Comprehension is the ultimate goal of reading. When students use comprehension strategies throughout their reading, you know you’re a successful reading teacher. For my students, I work hard to build motivation and interest in the topic we’re reading about. Whether the book I’m using is fiction or nonfiction, there is typically a related theme. I love using cooperative groups and discussion to get my students talking about the topic as several heads are better than one. Each child has different experiences and therefore, a different schema for the text. In this post, we’ll explore strategies and guided reading ideas that work well.
Comprehension Strategies that Build Schema
Give One, Get One
The first strategy I’d like to share is Give One, Get One. It is used before reading or after reading. You can list descriptors in each box, and students get with each other to exchange the information. It might be used to get answers to comprehension questions after reading too. The sample page I give you is for use with The Relatives Came by Cynthia Rylant.
This activity is used before reading and as a get to know you activity. Each student is given the page, and when time has begun, students locate a friend to sign his/her form and provide the information in the block (one per person). Once they’ve exchanged ideas or signed the form, the students move on to another friend. This continues until all of the information is gathered sort of like a scavenger hunt. When time is called, the whole group discusses what was learned.
Another fun brainstorming idea is called Inside/Outside Circles. This allows two related topics to be explored such as camping and fishing or soccer and football. The organizer has a smaller circle inside a larger circle with a topic placed in each. The goal is to fill the space with related words. Students can work in pairs or groups to brainstorm related vocabulary. No words are incorrect if the student explains how the word is related.
The next strategy in my list is a Word Splash. A Word Splash is similar to Inside/Outside Circles, but focuses on one topic. It is used before, during and after reading, and they’re great for supporting related writing assignments after reading like a word bank for post reading responses. For example, you might choose the topic of camping prior to reading Scaredy Squirrel Goes Camping. Students can build schema about what it’s like to go camping. They might include words like tent, campfire, s’mores, hiking, sleeping bag, and hotdogs. Again, you can then use them post reading for writing extension.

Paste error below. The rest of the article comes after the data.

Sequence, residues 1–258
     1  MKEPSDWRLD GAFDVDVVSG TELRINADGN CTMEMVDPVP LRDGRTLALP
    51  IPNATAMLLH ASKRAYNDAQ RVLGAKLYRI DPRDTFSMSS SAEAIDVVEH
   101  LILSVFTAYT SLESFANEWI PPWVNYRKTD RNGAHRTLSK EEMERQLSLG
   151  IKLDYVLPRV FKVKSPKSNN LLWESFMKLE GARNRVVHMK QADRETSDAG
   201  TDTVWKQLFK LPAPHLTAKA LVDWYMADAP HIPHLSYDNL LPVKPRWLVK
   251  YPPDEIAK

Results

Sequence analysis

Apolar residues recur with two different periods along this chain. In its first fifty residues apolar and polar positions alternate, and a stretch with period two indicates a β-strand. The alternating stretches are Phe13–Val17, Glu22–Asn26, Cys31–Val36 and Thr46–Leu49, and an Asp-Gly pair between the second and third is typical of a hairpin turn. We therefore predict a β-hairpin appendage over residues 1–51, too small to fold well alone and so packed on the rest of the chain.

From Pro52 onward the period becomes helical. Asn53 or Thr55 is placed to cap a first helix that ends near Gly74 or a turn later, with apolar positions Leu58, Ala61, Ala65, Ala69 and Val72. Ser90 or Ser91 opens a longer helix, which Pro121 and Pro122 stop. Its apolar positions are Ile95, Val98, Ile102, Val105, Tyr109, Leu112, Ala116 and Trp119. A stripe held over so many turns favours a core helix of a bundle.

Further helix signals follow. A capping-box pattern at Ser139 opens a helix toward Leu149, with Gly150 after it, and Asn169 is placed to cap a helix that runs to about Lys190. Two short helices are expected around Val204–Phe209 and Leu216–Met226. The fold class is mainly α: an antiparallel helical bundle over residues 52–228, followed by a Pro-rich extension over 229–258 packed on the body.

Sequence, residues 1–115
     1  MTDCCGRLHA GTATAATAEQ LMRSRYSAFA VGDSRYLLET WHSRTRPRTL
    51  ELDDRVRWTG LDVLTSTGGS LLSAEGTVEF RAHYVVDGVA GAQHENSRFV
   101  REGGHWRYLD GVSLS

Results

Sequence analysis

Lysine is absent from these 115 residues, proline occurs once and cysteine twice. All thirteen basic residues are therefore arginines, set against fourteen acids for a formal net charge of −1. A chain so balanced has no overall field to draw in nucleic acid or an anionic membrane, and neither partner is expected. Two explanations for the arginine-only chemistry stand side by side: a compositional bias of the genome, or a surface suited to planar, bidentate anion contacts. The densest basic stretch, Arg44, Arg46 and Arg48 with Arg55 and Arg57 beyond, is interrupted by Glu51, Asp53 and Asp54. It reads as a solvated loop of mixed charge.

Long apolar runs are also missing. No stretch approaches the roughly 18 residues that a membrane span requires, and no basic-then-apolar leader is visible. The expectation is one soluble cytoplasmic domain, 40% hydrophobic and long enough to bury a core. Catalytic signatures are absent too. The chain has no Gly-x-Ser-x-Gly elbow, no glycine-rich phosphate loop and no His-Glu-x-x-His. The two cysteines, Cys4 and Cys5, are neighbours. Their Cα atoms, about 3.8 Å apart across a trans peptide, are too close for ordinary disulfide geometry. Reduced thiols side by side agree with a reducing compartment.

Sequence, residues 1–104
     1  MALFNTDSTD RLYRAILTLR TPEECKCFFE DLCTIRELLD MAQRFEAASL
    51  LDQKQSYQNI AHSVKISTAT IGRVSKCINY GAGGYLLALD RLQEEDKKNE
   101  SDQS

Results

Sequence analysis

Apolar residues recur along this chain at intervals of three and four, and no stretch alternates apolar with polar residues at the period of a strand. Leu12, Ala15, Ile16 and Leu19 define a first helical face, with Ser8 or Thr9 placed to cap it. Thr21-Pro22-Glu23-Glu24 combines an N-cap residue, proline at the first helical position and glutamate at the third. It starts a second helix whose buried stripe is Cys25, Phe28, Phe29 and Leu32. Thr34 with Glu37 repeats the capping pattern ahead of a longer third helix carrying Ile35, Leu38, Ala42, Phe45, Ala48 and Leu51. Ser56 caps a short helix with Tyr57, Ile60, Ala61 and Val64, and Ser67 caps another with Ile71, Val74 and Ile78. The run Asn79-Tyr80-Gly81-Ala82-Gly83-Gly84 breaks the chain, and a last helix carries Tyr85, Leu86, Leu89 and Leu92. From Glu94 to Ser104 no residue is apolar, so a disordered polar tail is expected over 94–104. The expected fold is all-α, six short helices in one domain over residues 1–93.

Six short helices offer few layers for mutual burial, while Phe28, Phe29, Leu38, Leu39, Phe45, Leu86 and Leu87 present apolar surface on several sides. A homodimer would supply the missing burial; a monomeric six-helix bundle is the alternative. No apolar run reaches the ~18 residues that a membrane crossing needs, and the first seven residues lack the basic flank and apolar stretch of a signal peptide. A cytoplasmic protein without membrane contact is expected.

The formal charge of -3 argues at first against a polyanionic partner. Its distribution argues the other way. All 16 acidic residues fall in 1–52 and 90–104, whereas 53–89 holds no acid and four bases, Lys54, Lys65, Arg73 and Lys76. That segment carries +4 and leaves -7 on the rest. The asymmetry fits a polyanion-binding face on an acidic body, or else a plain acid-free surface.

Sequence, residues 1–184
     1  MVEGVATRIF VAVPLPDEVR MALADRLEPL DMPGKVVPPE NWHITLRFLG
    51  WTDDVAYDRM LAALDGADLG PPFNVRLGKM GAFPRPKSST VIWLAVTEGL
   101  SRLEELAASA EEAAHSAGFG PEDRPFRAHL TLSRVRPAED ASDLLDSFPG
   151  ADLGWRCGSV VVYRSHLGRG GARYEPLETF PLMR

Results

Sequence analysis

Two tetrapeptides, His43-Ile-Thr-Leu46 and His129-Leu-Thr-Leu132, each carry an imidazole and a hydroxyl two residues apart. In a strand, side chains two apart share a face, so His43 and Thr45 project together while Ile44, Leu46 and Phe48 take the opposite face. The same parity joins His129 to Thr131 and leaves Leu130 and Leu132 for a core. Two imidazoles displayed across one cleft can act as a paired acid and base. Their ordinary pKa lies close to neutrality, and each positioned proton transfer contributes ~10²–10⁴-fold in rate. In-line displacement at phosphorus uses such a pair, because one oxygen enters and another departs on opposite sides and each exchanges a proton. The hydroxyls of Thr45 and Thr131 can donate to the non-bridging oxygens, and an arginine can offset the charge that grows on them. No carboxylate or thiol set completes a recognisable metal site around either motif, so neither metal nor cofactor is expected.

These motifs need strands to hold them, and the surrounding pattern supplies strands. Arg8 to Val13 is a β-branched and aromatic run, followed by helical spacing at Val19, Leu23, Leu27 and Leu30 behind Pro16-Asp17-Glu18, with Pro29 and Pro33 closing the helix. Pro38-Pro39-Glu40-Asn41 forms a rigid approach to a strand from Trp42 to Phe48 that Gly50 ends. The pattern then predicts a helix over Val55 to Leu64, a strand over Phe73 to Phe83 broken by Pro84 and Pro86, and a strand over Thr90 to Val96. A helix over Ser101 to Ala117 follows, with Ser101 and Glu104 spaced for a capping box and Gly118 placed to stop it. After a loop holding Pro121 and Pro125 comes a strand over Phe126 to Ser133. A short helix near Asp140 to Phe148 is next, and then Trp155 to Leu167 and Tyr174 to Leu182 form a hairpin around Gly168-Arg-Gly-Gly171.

Comprehension Strategies Board for Guided Reading
Guided Reading Resources
Comprehension Graphic Organizers for Small Group Instruction
If you like the activities I shared, I do have several comprehension related products available in my store you might check out.
The first resource is a collection of comprehension graphic organizers. These are for during and after reading. They can be printed, laminated and bound for use with small groups or in partners, used electronically on Google Slides TM, or used individually as a graphic organizer.
Skill Based Anchor Charts for Modeling
The next resource I love using are my reading anchor charts. This set includes 17 anchor charts you can use for modeling reading skills on your Smartboard or print for small group lessons. These work very well with interactive notebooks.
Guided Reading Binder for Grades 2-5
Another resource I’d like to share is my Guided Reading Binder. It was the most beneficial resource for my team since I set up the binder and placed it in our reading room. It helped them speed up planning for small group instruction because teachers could just grab their books and the pages needed. Since it was organized by skill and by difficulty, it was easy to use.
As new resources were created, they were added to the binder to keep learning fresh and fun. The resource above is in digital for Google Slides TM and in pdf, but if you only want one or the other, you can buy just the pdf version or just the digital version.
Primary Skill Checks for Guided Reading Groups
The last resource I thought I’d share is geared more to the primary grades. For instance, they are designed with more space and a little less content. If you’re wanting your guided reading groups to be skill focused, these skill checks might come in handy. Using these helps your students think more deeply, and they keep the focus on the reading skills you’re teaching. Plus, they provide accountability if you want to use them in your work stations. To learn more, you can view the previews. Click them image to visit my shop.
Get the Download
If you’d like to have a copy of the strategies I shared at the beginning of this post, I’m happy to share them. Simply subscribe below to get the file. Plus, you’ll gain access to my resource library.
Links to Other Comprehension Posts:
- Taking Your Literature Circles to the Next Level
- Comprehension Strategy Work for Fiction and Nonfiction
- Organizing Your Guided Reading Block with Ease
What strategies do you enjoy? Share your ideas in the comments.